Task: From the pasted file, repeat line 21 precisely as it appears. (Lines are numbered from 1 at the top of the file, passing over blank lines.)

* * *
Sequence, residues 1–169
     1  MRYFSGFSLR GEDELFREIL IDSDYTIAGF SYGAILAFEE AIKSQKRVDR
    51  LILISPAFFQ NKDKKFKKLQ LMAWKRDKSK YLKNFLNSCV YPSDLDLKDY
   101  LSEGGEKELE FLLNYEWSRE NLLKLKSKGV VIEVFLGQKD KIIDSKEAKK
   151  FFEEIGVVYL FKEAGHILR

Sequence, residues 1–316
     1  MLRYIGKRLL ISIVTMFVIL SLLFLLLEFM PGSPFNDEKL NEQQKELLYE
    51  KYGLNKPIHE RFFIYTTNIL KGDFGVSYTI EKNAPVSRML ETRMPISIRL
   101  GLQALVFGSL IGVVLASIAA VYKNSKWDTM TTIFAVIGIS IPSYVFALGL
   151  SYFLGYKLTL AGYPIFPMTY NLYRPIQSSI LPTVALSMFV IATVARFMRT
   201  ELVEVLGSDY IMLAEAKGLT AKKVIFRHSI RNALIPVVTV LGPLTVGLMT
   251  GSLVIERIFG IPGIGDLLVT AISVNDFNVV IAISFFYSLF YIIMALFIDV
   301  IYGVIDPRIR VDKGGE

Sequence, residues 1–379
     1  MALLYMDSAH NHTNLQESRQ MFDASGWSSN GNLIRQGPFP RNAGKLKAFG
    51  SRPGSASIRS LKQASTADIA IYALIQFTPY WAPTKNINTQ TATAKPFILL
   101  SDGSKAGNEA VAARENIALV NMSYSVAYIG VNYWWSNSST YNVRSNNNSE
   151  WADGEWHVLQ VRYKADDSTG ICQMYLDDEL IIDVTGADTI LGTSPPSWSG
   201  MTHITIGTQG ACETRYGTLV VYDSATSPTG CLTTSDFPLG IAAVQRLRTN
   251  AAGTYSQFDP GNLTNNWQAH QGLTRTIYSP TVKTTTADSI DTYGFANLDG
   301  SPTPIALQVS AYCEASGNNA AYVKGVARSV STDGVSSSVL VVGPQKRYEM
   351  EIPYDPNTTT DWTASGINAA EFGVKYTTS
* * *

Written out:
   301  SPTPIALQVS AYCEASGNNA AYVKGVARSV STDGVSSSVL VVGPQKRYEM